From Home Furnishing Business
Blow Your Horn
The new generation of mattress shoppers is accustomed to going to specialists for particular products. They see an Apple store, they think, “I’ll find what I need for smartphones and computers.” The proliferation of mattress-only retailers is right in line with their shopping habits. How do you, as a full-line furniture retailer, let them know you’re in the business of selling sleep? City Furniture President Keith Koenig believes his stores have a lot more to offer in terms of selection and price in bedding than the specialty stores in its markets. How does he get that message to consumers, and how is it reflected on City Furniture’s floors.
“We feel it all starts with the City Furniture and the Ashley Furniture Homestore brands,” he said. (City Furniture’s also a major Ashley dealer.) “We have the logistics, I think the best in the market; we have the product, from a $249 queen to a Tempur-Pedic, an edited selection of major brands; we have the accessories and top of bed. We have sleep specialists in all our departments and an enormous amount of training for the salespeople they support. “But to be really successful, you need shoppers to have that emotional connection with your brand and great customer service. We’re involved in the community, and people know we’re in it for the long haul.” That approach is reflected in Tamarac, Fla.-based City’s advertising. “Everyone else is screaming, ‘We’re number one, we have the lowest prices,’” Koenig said. “We’re talking about City Furniture and our people.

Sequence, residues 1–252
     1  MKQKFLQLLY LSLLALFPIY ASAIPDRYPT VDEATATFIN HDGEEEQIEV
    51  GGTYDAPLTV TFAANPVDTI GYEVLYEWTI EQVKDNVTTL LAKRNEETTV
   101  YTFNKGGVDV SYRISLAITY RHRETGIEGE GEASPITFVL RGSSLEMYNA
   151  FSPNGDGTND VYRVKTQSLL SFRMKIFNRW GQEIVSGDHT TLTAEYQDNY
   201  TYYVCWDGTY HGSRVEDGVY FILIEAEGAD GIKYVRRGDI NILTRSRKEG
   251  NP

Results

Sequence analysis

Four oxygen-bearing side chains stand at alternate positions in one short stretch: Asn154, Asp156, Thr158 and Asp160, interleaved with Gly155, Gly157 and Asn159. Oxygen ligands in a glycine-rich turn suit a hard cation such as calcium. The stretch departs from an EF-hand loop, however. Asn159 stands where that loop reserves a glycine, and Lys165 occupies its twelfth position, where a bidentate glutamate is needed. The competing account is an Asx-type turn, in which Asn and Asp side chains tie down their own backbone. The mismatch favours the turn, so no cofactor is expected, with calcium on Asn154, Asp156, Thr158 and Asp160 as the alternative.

“I’m not saying we win every battle, but we’re the number one player in home furnishings in South Florida, and we’re a major player in the mattress space, even though the specialty stores have hundreds of locations in the market we serve.”
STAKING A CLAIM
The basis of retail buying group Furniture First’s Mattress 1st program is building consumer mind share for its member retailers when people shop for bedding. “Specialty stores are identified as having expertise, and they offer a specialty experience in the store,” said Andrew Kauffman, director of mattresses at Furniture First. He said retailers who want to do more bedding business should go outside their store and look at it as a customer sees it. “Would you know that you sell mattresses there?” he asked. “If your customer has to come into your store, go up the stairs and all the way to the back, that’s not convenient.” He suggested moving the bedding department to the front of the store or another high-visibility area. “Look for 10 tickets that were for bedroom furniture sales only,” Kauffman added. “Call those customers, and ask them if they know you sell mattresses.” Richard Andrews, president of Andrews Furniture in Abilene, Texas, is looking for ways to keep building mattress sales. “The visibility is something that needs to happen,” he said. “We’d always taken a closet-like approach to where we put bedding, since it seemed to be a very personal shopping and decision process, but maybe that’s not really that important anymore. We put it in a more public location in the store.”
A DISTINCT BUSINESS
Callan’s Furniture in Waite Park, Minn., recently opened a 3,500-square-foot “store within a store” for mattresses and bedding using Furniture First’s Mattress 1st concept as a template. “The biggest thing we’ve seen with the new department is that you put yourself on equal footing with the specialty sleep shops,” he said. “The consumer can tell there’s been an investment made and that you’re serious about the category.” One good thing about specialty stores moving into a market is that their advertising gets consumers thinking about making a mattress purchase. Do your ads inspire potential customers to do the same thing? Coconis Furniture, South Zanesville, Ohio, has re-thought its advertising approach with the bedding category. “Historically, every ad we ran mentioned mattresses, but with all those new mattress-only stores, our goal is to have a separate budget for the category,” said President Randy Coconis. “By midsummer we should be up and running with that.”